Introduction to HTML
What is HTML?
- HTML stands for Hyper Text Markup Language
- Hyper is the opposite of linear. It used to be that computer programs had to move in a linear fashion. This before this, this before this, and so on. HTML does not hold to that pattern and allows the person viewing the World Wide Web page to go anywhere, any time they want.
- Text is what you will use. English letters, just like you use everyday.
- Markup is what you will do. You will write in plain English and then mark up what you wrote.
- Language. Some may argue that technically html is a code, but you write html in plain, everyday English language.
HTML (Hypertext Markup Language) is the set of markup symbols or codes inserted in a file intended for display on a World Wide Web browser page. The markup tells the Web browser how to display a Web page’s words and images for the user. Each individual markup code is referred to as an element (but many people also refer to it as a tag). Some elements come in pairs that indicate when some display effect is to begin and when it is to end.
HTML is a formal Recommendation by the World Wide Web Consortium (W3C) and is generally adhered to by the major browsers, Microsoft’s Internet Explorer and Netscape’s Navigator, which also provide some additional non-standard codes. The current version of HTML is HTML 4.0. However, both Internet Explorer and Netscape implement some features differently and provide non-standard extensions. Web developers using the more advanced features of HTML 4 may have to design pages for both browsers and send out the appropriate version to a user. Significant features in HTML 4 are sometimes described in general as dynamic HTML. What is sometimes referred to as HTML 5 is an extensible form of HTML called Extensible Hypertext Markup Language (XHTML).
7 Benefits of HTML validation
1. Web Site Accessibility – validating your html code helps to pinpoint areas of potential blockage that could prevent search engine spiders or visitors from accessing your website. When you run your site through a code validator it may produce many errors that need to be corrected so your pages will render well. ie include text with your “alt” tags for every < img > tag.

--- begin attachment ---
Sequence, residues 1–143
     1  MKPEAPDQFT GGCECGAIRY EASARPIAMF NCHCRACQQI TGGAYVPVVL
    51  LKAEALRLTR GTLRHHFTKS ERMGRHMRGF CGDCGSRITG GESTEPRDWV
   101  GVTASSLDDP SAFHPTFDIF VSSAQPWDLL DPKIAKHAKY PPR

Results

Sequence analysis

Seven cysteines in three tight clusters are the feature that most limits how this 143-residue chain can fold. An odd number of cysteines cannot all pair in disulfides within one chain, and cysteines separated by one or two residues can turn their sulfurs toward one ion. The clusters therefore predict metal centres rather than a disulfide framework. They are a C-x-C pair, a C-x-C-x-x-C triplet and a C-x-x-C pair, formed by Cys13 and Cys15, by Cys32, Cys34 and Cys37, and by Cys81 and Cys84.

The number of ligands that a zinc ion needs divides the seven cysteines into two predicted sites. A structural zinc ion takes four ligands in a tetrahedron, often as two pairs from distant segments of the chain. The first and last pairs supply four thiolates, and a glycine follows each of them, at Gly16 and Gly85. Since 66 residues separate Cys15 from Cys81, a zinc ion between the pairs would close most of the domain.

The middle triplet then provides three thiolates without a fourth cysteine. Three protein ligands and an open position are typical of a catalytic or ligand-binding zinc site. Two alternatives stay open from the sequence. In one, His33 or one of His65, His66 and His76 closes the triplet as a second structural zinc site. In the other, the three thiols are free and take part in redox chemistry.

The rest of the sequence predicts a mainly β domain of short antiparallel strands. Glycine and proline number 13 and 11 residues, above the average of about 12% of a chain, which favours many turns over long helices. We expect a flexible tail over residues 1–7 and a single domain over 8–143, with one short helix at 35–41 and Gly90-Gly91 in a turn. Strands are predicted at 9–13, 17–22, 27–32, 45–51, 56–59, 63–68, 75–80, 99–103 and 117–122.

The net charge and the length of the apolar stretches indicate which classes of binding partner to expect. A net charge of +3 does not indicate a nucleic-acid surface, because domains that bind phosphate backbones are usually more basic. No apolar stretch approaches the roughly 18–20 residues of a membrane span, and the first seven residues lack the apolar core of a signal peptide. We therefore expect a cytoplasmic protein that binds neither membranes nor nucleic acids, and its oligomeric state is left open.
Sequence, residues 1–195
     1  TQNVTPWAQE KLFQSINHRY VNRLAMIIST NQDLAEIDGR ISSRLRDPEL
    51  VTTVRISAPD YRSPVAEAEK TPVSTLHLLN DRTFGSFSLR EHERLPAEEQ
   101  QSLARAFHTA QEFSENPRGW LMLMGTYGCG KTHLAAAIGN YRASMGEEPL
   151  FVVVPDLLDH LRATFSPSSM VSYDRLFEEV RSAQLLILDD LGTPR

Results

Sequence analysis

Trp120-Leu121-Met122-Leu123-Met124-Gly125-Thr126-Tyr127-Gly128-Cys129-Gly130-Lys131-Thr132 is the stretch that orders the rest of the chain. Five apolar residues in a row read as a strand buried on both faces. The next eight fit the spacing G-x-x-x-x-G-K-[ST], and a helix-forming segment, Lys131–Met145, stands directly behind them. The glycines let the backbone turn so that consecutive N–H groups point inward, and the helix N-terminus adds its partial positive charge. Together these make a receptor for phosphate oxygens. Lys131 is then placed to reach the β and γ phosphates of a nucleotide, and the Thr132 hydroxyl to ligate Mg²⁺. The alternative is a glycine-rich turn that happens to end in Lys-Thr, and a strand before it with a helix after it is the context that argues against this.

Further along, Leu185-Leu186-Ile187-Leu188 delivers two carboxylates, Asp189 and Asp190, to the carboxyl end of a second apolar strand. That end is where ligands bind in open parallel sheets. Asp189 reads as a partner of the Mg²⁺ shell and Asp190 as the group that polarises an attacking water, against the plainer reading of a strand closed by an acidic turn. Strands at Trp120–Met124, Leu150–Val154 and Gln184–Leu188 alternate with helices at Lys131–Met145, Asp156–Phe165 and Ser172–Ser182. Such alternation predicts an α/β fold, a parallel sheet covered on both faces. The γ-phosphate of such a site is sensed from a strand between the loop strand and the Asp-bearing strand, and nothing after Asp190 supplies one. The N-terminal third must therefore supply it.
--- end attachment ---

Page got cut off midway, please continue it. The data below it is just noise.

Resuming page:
Why should you do this?
-Allows your site to be accessible to a larger audience (vision impaired, motor skill impaired, cognitive impaired)
-Allows your site to be accessed by wider range of devices (hand helds, screen readers, text browsers, search engines)
-Is a requirement for Federal and State Government sites
2. Search engine friendly pages – clean and simple code enables search engines to spider your pages more quickly and completely.
Here’s an example:
What’s wrong with this code?
< p keyword1 sentence, well written copy, etc.
< p > keyword2 paragraph with more choice content.
This code is missing a “>” The issue is not that the page will necessarily get skipped altogether but that the “keyword1” sentence looks like part of the tag – like a tag attribute. So the words in the “keyword1” sentence probably won’t be included in the search engines computations, even though the page itself will be indexed.
Once a spider sees a correct tag further along in the page, then it’s back on course. So, the keyword2 paragraph would make it.
3. Faster Loading – if your web page contains html errors it will take a longer time for the search engines to spider it, therefore slowing the loading time. If your page
doesn’t load in under 10 seconds your visitors will click away to your competitors’ sites.
4. Less load on servers – clean and simple code won’t tax your server as much as a site which has complicated code or contain many nested tables. Cascading style sheets (CSS) will greatly reduce the amount of code within your web pages. This will also cut down on the amount of web space and bandwidth used thus saving you money for hosting your site.
5. Easier to update and maintain web site – with no mistakes in your html code it is easier and faster to make changes to your web pages. For web site designers, this means you will save time and money when maintaining clients’ sites.
6. Browser compatibility – validated code ensures your site is compatible with the current browsers and future browsers. You might say “well, it looks fine in Internet Explorer, so why bother with any other browsers?” Current browsers will continue to update their rules and future browsers will make sure they are html compliant.
7. Access more visitors – if you ensure your web pages appear correctly in all the major browsers you will be able to reach a larger audience which then increases the potential of your site to make more sales.
HTM or HTML Extension?
When you save an HTML file, you can use either the .htm or the .html extension. We have used .htm in our examples. It might be a bad habit inherited from the past when some of the commonly used software only allowed three letter extensions.
With newer software we think it will be perfectly safe to use .html.
Note on HTML Editors:
You can easily edit HTML files using a WYSIWYG (what you see is what you get) editor like FrontPage or Dreamweaver, instead of writing your markup tags in a plain text file.
However, if you want to be a skillful Web developer, we strongly recommend that you use a plain text editor to learn your primer HTML.